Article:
MMGM and #IMWAYR: Invisible, Liar & Spy, Taproot, and more!
Why, hello there! I'm feeling pretty jovial, because I totally love books and forgot (as always) how helpful they are for staying hopeful and fulfilled, especially when the stress of life and the world gets heavier.
I've got three reviews of three excellent stories for you today, so why hesitate? Let's dive in!
I've seen so much praise for this graphic novel, and I'm so glad I finally read it, because there's so much to love here!
This interview with Christina Diaz Gonzalez sums up the brilliance of making this story a retelling of The Breakfast Club—like that movie (which I've never seen but of course know about), this book takes five kids who are often assigned labels ("brain," "rich kid," etc.), or are even lumped under one label as Spanish speakers, and carefully shows the true diversity in experiences and ideas that exists within them. Even beyond the varied personalities of each of these five kids, just the fact that they all have backgrounds from different countries and all speak Spanish to varying degrees shatters the assumption that they can all be smushed into one category due to their race.
And I love the intentionality of letting each student tell the story at one point, revealing their home life in the process. Those moments of seeing each character with their families, dealing with their own struggles but also finding love and joy together, are so powerful. And there are revelations about basically every character that impact the way we see them—it reminds me of The Candymakers (and, you know, real life) in how someone might have a secret that makes them almost totally different from our initial impression of them.
I also adore the five kids themselves. I love that Miguel plays sports but is also in touch with his artistic side (and isn't so steeped in middle-school toxic masculinity that he can't still play tea party with his younger sisters). I love that Dayara is so much more complicated than the "angry kid" facade she wears to get through life. And I love Sara just because I can always root for a shy outcast character (even though I wasn't totally sure why she was an outcast...she seemed like a pretty normal, if quiet, kid to me).
The emphasis on altruism in this book is also beautiful. In that same interview I linked above, Christina Diaz Gonzalez notes how the smallest acts of kindness can genuinely change someone's life, which is so true here. And also, I think we tend to categorize people in society as the people who can help, and the people who need help—but this story shatters that dichotomy. Even as our main characters deal with problems from family pressures to housing and immigration concerns, they realize they still have the most important tool to make a difference in others' lives—not money, not power, but compassion. I think it is such a powerful message to kids that they always matter in the world, because they always have the power to make a difference, no matter what their circumstances are.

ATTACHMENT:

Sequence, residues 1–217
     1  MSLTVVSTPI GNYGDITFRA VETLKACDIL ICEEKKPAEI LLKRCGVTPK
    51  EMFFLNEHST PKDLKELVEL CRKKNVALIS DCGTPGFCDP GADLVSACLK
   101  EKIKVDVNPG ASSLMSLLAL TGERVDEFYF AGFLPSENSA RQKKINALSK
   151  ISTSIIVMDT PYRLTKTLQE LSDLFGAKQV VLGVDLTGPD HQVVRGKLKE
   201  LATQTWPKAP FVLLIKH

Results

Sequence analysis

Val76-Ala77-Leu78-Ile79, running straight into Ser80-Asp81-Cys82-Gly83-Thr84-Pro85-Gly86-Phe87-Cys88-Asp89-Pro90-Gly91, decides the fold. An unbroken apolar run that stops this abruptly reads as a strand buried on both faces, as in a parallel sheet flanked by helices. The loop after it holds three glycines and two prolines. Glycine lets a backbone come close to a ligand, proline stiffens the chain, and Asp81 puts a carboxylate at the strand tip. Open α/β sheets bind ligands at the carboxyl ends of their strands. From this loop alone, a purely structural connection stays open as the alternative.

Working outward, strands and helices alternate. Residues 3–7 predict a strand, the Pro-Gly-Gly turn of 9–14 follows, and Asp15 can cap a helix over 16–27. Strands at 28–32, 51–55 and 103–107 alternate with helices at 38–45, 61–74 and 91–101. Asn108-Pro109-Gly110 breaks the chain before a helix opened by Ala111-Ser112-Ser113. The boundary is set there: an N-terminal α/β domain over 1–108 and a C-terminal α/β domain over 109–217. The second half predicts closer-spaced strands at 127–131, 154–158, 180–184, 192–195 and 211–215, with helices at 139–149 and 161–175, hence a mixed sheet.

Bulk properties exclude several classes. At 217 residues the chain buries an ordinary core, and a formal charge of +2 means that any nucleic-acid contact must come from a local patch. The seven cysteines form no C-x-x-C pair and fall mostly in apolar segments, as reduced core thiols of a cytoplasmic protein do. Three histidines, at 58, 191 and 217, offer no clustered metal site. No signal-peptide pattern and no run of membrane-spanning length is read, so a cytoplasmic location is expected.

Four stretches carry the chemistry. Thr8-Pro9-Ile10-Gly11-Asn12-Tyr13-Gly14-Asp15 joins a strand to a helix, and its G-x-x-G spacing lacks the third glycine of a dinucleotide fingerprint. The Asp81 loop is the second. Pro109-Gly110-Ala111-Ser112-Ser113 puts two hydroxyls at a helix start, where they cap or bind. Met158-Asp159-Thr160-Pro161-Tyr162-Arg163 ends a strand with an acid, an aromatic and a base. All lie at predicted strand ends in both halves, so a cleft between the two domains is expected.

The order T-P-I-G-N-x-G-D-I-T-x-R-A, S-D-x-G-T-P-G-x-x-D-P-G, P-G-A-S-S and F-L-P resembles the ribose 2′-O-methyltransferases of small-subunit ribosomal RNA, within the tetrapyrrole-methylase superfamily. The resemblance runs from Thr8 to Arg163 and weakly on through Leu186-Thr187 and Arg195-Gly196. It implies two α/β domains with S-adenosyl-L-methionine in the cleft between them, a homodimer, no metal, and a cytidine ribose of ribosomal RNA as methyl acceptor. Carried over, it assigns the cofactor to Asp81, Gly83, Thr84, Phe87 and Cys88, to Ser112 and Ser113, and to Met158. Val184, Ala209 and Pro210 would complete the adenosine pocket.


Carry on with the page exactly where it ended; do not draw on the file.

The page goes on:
And to seal the deal, this book has a brilliant bilingual format that makes it one-of-a-kind. Gonzalez explains in this other interview that she wanted to create a book where dialogue would be in both English and Spanish, and visual cues would fill in any remaining info. And I think kids who are proficient in one language and have at least a little fluency in the other could totally read the book this way—the vast majority of dialogue is spoken in Spanish by the characters, and the full Spanish and English translations are placed side-by-side. There are a few parts early on that are more reliant on English only, but also, some of the characters of the book are having the same experience of not understanding the English being spoken around them—so maybe reading it without the translations is more immersive, in a sense (and there are a few translations even there to make it logical). I think having a book that melds English and Spanish is a powerful message to kids who speak both languages that they can have books made just for them (as opposed to books only in English, or only in Spanish). And I know for me personally, as a speaker of only English, I appreciated being able to mentally read the dialogue in my head in Spanish, so I knew how it actually sounded, and then read the translation. (I did find myself catching on to a surprising amount of Spanish dialogue on its own!)